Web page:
Wednesday, November 17, 2010

A comment re: the SCOTUS cert grant in Tolentino and a couple of 10th cases. First, the S. Ct.

Tolentino v. New York, 2010 WL 2552574 (11/15/10) - This cert grant could very well gut our cherished decision in U.S. v. Olivares-Rangel, 458 F.3d 1104 (10th Cir. 2006). Olivares-Rangel was the best possible decision one could hope for with respect to identity evidence, but now it could be in real danger. In Tolentino, the questions raised include whether identity-related evidence can ever be suppressed, and whether previously-acquired government records, such as motor vehicle records in Tolentino [or A-files, in our cases] are suppressible and when.

10th Cir. cases:

U.S. v. Frakes, 2010 WL 4540306 (11/12/10) (unpub'd) - The d. ct.'s criticism of the bases for certain child porn enhancements did not undermine the guideline calculations. The d. ct. was just discussing § 3553(a) factors, which did not have anything to do with the calculations.

Simmons v. Stus, 2010 WL 4457934 (11/9/10) (unpub'd) - It was correct to dismiss a § 1983 suit for failure to exhaust administrative remedies, even if the prison never told the prisoner there were administrative remedies.

Tenth Circuit published cases

Thomas v. United States, ___ F.3d ___ , 2010 WL xxxx, No. 9-3291 (10th Cir. 2010) (Kan).
Court denies 28 U.S.C. § 2241 petition for a writ of habeas corpus challenging on ineffective assistance grounds petitioner’s court martial and sentence, finding military court’s dismissal of his post-conviction challenge rested on adequate legal grounds. Different and much narrower rules apply for review by civilian court of military convictions, making this case of remote application to our work (but it does illustrate why civilian courts with their wider avenues for review are preferable to military tribunals).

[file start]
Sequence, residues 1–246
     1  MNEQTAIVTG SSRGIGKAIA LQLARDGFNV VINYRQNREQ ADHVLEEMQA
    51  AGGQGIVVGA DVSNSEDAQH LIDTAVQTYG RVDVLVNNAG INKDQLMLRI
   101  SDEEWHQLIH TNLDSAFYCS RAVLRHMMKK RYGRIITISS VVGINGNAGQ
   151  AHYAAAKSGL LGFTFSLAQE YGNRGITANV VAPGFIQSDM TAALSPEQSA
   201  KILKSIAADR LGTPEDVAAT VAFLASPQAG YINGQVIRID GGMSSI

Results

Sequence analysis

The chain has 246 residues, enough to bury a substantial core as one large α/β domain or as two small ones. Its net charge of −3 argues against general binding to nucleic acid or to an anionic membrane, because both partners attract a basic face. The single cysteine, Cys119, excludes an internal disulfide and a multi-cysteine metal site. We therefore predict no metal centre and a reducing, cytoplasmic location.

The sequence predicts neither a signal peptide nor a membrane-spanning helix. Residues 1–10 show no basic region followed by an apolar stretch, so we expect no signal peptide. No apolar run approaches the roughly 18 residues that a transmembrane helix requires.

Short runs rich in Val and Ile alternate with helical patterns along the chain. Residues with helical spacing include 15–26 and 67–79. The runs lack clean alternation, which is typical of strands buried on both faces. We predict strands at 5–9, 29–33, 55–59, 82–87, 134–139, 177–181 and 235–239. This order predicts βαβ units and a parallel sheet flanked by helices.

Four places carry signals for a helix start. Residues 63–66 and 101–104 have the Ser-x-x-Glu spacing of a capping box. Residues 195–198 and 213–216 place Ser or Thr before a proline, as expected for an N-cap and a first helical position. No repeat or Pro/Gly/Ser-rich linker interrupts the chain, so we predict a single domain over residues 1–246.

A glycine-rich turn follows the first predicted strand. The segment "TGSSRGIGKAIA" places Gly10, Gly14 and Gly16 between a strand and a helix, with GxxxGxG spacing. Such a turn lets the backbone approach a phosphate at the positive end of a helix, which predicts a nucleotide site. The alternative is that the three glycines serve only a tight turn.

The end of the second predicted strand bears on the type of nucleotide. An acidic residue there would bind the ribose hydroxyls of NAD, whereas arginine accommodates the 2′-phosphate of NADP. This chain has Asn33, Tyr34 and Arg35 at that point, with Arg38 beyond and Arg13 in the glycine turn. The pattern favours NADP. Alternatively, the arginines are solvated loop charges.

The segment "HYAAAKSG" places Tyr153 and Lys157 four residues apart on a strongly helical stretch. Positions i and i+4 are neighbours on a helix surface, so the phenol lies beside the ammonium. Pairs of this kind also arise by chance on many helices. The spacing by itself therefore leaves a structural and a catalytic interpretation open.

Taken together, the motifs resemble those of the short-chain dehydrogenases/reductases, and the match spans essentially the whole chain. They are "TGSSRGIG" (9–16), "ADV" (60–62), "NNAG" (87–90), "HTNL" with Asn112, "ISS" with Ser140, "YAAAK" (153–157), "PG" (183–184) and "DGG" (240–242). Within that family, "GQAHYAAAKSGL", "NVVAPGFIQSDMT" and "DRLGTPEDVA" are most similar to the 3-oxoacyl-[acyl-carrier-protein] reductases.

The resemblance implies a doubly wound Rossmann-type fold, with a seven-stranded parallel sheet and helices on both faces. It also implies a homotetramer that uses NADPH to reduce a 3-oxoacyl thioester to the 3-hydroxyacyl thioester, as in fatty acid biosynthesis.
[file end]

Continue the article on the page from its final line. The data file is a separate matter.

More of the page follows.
United States v. Wampler, ___ F.3d ___ , 2010 WL xxxx, No. 9-6229 (10th Cir. 2010) (Ok).
The Court lacks jurisdiction on interlocutory appeal claim by defendants that it would be a breach to try them on charges that were to have been resolved in an unconsummated agreement between their corporate employer and the government. (Defendants were appealing the district court’s denial of their motion to dismiss on those grounds). The Cohen test of what can be considered “practically final” and reviewable on interloc is to be applied sparingly and narrowly. The Defendants’ claim of a right not to be tried is not based on any constitutional or statutory right guaranteeing that no trial will be had, like Double Jeopardy, but only on one contained in an agreement. The Defendants’ claims that the district court’s rejection of an earlier plea violates separation of powers, and that the new charges against them flow from the government’s retaliation for appealing the district court’s original rejection of the plea, fare no better as deserving of interloc attention. Finally the Court rejects their late-raised Double Jeopardy claim–Defendants are not necessarily in the shoes of the corporation that was originally charged, and a jury was never empaneled on the original charge so jeopardy never attached.

United States v. Hall, ___ F.3d ___ , 2010 WL xxxx, No. 9-3165 (10th Cir. 2010) (Kan).